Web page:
Local anesthesia | the use of local anesthetics such as procaine
Local anesthesia is the use of local anesthetics such as procaine, lidocaine, etc., injected at the corresponding site to block the spinal nerves, nerve plexuses or nerve trunks, and finer peripheral nerve endings, causing temporary loss of sensation in a certain part of the body. The characteristic of local anesthesia is that the anesthesia is confined to the "local" part of the body, and the patient's consciousness is conscious. Commonly used methods include intraspinal anesthesia, nerve block, regional block, local infiltration anesthesia, and topical anesthesia.
Intraspinal anesthesia is the injection of local anesthetic into the spinal canal through a puncture in the spine, which is called a subarachnoid block or lumbar anesthesia and an epidural block. Intraspinal anesthesia is also commonly known as "hemi-anesthesia". The anesthesiologist will operate on your back, and then you will feel numbness in the lower half of your body, and the sensation of pain and touch will disappear.
A nerve block is the injection of a local anesthetic into a nerve trunk in the body to trigger a pain conduction block in the area it innervates. Commonly used nerve blocks include cervical plexus block, brachial plexus block, femoral nerve block, etc.
A regional block is the injection of a local anesthetic around the surgical site to block the nerve endings in the surgical area to achieve anesthesia.
Local infiltration anesthesia is the direct injection of local anesthetics into the surgical site and evenly distributed to all layers of tissue in the entire surgical area to block the conduction of pain. Topical anesthesia is the application of a highly permeable local anesthetic spray or coating on the mucosa, conjunctiva, and other surfaces to produce anesthesia.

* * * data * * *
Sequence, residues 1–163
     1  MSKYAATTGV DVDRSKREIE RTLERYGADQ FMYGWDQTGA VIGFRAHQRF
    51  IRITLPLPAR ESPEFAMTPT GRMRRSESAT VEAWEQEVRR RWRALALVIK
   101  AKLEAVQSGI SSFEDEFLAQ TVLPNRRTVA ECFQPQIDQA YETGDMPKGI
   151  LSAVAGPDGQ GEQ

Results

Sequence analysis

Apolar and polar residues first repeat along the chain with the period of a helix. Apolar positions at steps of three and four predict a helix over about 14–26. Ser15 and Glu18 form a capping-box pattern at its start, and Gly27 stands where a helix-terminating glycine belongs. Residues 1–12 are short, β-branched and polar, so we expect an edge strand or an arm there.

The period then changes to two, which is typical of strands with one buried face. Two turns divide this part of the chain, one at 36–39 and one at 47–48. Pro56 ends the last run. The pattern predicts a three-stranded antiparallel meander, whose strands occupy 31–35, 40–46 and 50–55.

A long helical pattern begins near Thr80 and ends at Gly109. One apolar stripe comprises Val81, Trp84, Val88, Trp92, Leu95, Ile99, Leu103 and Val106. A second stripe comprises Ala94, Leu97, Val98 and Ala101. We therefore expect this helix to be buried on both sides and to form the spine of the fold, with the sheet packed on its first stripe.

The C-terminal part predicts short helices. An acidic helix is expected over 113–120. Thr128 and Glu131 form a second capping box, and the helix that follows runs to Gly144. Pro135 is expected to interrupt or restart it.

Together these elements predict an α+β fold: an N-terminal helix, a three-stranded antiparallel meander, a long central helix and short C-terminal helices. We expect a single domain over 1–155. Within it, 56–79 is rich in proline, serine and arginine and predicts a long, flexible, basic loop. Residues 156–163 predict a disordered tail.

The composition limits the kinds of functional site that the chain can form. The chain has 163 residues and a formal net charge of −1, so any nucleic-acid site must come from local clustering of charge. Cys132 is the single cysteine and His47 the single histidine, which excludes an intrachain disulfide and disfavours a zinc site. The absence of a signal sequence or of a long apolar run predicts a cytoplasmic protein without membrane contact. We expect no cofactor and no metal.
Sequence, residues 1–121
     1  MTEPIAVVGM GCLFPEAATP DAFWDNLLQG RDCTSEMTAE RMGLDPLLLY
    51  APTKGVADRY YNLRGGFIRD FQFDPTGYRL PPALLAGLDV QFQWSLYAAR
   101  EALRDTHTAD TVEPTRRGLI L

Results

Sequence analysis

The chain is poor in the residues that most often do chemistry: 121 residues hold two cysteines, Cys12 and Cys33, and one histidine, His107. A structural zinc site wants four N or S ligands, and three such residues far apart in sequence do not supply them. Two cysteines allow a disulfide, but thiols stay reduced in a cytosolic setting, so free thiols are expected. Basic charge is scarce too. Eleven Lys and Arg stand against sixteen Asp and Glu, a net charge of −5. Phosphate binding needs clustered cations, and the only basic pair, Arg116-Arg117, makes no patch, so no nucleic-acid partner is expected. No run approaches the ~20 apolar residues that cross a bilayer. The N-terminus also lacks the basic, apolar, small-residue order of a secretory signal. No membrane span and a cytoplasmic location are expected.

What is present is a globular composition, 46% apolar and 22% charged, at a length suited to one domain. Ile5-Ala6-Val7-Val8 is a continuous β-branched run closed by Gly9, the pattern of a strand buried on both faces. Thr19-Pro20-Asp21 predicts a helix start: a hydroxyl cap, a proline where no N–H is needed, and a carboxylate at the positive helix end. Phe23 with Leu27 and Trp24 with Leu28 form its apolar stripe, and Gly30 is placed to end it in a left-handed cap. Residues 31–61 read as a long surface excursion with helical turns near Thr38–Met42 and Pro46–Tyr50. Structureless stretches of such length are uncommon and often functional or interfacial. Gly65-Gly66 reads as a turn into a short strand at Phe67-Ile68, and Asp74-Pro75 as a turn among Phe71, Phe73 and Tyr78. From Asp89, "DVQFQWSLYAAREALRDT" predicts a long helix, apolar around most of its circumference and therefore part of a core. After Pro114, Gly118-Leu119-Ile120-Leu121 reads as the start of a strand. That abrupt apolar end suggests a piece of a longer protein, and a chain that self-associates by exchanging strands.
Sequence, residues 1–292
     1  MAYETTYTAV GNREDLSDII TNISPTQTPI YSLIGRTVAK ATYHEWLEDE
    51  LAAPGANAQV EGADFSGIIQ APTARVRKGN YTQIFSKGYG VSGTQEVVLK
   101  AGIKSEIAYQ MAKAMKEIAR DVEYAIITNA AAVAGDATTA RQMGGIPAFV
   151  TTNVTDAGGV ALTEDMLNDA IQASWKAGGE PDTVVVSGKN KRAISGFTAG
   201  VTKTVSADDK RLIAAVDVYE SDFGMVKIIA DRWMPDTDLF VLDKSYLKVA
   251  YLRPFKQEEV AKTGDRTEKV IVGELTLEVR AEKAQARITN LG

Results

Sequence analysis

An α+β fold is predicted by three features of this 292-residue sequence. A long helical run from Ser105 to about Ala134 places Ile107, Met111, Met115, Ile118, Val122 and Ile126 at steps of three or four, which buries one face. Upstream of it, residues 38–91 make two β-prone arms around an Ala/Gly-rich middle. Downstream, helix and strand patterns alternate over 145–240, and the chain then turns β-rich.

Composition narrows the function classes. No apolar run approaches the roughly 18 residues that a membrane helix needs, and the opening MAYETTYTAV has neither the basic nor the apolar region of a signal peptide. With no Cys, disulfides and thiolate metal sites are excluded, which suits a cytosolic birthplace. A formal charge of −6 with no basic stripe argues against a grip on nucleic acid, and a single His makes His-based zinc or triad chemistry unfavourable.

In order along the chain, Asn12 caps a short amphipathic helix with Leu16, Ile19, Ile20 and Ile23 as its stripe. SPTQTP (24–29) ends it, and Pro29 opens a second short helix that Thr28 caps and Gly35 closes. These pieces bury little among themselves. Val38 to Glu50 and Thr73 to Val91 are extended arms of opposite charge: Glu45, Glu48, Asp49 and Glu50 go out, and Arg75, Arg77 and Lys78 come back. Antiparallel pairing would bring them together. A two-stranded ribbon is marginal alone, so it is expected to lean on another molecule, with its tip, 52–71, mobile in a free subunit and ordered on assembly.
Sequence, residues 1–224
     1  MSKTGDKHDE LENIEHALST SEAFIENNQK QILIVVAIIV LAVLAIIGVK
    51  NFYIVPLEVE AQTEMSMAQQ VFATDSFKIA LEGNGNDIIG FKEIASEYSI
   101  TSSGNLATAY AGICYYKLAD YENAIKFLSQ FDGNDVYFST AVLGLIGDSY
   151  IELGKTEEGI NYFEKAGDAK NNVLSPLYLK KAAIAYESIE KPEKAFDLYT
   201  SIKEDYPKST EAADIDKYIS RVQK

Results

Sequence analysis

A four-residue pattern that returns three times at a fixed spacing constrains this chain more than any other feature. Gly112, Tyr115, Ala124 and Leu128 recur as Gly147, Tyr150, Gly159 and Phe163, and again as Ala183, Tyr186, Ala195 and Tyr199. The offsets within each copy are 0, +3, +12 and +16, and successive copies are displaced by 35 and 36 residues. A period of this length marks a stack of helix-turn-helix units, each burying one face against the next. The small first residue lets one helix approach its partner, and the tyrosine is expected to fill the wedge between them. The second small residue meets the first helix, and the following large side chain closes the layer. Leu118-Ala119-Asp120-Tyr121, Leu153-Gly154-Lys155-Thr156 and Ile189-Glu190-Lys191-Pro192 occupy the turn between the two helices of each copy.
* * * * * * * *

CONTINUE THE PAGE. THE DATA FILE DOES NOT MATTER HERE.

Local anesthetics, including the common procaine, lidocaine, bupivacaine, and ropivacaine, are chiefly used for peripheral nerve block and spinal central nerve block. When the nerve is stimulated and an action potential is generated, the permeability of the nerve membrane can be altered, thereby causing the influx of sodium ions and the outflow of potassium ions. Local anesthetics chiefly act on the peripheral nerves by inhibiting the permeability of nerve membranes, blocking the inflow of sodium ions, and preventing the generation of action potentials, and the conduction of nerve impulses, thereby producing local anesthesia.
Side effects of local anesthesia, local anesthesia should be the securest of all anesthesia methods at present. When it comes to its side effects, there are basically two kinds of negative reactions triggered by local anesthetics: The first case, the toxic reaction of local anesthetics, refers to the overdose of local anesthetics or mistaken injection into the blood, although it can be life-threatening in severe cases, but as long as the operator operates according to the standard, the toxic reaction rarely occurs; The second case is an allergic reaction to local anesthetics, such as urticaria, throat edema, bronchospasm, hypotension, etc. In severe cases, shock, breathing, and cardiac arrest may also occur. Local anesthetics are divided into two categories, esters, and amides. There are more allergies to ester local anesthetics, while allergies to amide local anesthetics are extremely rare. Therefore, amide local anesthetics, such as lidocaine, are currently used in clinical practice. , bupivacaine and ropivacaine, etc., so that allergic reactions are also rare. Therefore, local anesthesia should be an anesthesia method with the fewest side effects. Please don't worry too much and use it with peace of mind.